In black and white, plainly influenced by the cinema of Bengal film artist Satyajit Ray, especially Aparajito (The Unvanquished, 1957), Neem Annapurna—Bitter Morsel—is a trenchant study of an impoverished family that has moved to Calcutta in hopes that Brojo, the husband and father, would find a job after famine wiped out his small village, closing the school where he taught. Based on a novel by Kamal Kumar Mazumdar, it is in the humanistic and neorealist traditions. The Bengali film, his second, was written and directed by Buddhadev Dasgupta.
It opens with a scene of revulsion: a woman, Pritilata, unable to keep a meal down. This image will reappear almost at the end of the film, finally explaining the film’s title, and making of the narrative, formally, a closed circle to which the poverty that the film portrays is correlative. Denied immediate explication, the opening shot alerts us to the film’s likely employment of metaphor and symbolism. The film is a slice of life, but also it is more poetic than this suggests. As in the case of Aparajito, when a torrent of birds suddenly filling the sky signals the death of Apu’s father, it is a film whose emotional depth is as rooted in figurative imagery as in the daily existence and fates of its characters. One is inextricable from the other, convincing us that the figurative aspects of the film are as much a part of the design and an expression of the way things are as they are the poetic inventions of Mazumdar and Dasgupta. The unpleasantness of the opening event in Bitter Morsel quickly grounds the film’s poetic procedure in life’s—for most of the world’s people—irreversible harshness.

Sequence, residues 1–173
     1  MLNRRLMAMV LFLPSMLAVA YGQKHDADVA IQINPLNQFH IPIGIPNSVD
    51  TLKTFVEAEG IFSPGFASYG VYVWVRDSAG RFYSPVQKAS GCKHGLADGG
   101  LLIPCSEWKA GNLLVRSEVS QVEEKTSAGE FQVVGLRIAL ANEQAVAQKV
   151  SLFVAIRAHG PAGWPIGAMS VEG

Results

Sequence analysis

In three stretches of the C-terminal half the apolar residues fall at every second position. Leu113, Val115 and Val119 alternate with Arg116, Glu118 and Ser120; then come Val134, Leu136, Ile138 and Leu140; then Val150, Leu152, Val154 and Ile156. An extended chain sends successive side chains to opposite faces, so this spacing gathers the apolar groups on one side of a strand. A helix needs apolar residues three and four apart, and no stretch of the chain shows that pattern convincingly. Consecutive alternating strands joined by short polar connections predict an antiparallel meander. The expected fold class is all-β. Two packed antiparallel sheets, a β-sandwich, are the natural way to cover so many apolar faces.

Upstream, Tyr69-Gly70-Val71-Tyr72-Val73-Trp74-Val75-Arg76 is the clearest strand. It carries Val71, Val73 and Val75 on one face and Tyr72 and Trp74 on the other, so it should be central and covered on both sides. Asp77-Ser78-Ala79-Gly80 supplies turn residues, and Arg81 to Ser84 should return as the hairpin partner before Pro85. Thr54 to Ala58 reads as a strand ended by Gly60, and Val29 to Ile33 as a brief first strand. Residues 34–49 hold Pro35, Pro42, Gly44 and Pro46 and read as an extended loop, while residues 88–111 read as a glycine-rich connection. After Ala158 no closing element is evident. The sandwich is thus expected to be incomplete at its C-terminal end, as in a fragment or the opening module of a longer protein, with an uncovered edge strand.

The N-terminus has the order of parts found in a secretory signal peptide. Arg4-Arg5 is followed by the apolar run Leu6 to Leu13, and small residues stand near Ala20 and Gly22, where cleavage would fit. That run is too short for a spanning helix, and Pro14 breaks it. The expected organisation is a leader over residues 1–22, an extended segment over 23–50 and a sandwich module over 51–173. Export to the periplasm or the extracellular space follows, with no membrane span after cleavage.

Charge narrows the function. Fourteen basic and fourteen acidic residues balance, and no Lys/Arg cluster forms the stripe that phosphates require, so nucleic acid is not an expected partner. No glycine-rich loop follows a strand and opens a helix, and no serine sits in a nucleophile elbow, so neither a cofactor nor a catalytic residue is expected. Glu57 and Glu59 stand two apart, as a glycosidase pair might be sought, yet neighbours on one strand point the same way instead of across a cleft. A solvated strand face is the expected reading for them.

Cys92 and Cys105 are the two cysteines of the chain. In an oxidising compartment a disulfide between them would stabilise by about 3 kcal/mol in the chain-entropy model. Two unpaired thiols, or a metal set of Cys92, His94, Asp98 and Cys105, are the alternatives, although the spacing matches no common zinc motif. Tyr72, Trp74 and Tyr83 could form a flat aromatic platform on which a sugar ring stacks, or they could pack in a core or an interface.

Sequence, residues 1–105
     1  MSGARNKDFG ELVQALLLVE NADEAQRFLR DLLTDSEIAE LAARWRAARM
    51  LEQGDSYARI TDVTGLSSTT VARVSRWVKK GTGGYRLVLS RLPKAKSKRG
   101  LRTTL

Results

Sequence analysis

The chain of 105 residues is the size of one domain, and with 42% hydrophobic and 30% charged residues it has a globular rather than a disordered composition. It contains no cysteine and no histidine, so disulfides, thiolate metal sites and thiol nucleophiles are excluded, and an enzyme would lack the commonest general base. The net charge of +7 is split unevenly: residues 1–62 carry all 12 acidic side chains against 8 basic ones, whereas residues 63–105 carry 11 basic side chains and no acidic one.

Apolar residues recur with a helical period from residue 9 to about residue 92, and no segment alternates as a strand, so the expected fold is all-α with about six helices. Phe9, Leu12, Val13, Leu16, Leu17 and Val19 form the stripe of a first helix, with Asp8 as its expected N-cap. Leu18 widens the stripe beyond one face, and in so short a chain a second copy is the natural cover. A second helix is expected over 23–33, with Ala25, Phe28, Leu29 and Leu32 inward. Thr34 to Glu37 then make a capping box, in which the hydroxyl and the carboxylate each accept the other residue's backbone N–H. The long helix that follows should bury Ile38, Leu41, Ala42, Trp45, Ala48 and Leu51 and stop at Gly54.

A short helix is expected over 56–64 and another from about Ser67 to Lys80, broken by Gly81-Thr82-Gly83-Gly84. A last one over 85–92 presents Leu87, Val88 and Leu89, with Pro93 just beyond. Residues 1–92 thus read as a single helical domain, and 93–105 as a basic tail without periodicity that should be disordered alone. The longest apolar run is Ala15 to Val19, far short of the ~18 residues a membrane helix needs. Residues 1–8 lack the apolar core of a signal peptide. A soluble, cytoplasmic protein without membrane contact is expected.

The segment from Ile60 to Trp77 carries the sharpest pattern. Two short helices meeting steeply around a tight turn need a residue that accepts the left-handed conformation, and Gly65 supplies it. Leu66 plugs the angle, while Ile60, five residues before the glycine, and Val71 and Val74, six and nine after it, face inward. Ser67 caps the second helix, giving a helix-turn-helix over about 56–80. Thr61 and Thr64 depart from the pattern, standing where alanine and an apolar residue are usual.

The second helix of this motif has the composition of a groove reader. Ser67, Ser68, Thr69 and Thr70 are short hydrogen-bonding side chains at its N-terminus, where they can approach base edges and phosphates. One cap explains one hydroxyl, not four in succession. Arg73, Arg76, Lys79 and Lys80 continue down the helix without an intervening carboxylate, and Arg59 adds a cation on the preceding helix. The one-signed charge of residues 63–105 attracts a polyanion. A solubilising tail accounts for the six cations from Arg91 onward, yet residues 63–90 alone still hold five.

The scene of revulsion is a pre-credit sequence. The film proper opens on board a train presumably transporting Brojo, Pritilata and their two daughters, Juhti and little Lahti, to the city. Through the window we can see the landscape whipping by, the rapid motion a symbol of aspiration and, perhaps, of possibility, the possibility of improved circumstance. Brojo, the voiceover informs us, had once believed what he had been told: that Calcutta is a place of unbridled possibility, where no one dies of hunger—the antithesis, that is, of their home village. But the next cut reveals an overhead shot of the tenement shacks in one of which the family now resides: a scene of squalor, poverty, snuffed hope. The father hasn’t found employment and is three months behind in paying rent, an elderly tenant (glimpsed through prison-like bars of a window), who secures his private stash of rice by begging, is audibly dying of tuberculosis, emphysema or lung cancer, and Lahti has been caught “pilfering” food from the food dish of a fat neighbor’s pet bird. (Characters shown through vertical bars is a recurrent motif in the mise-en-scène. The bird owner’s cruelty is absolutely believable. She tells Pritilata that her thieving daughter will grow up to be a whore.) A lone bird of prey in the sky, espied by Lahti, suggests the graveyard that the homes below are gradually becoming, while the cry of a cat in the street piercingly embodies the stress and dire circumstance of these people’s lives. The compression of Dasgupta’s method can be of the most highly expressive sort.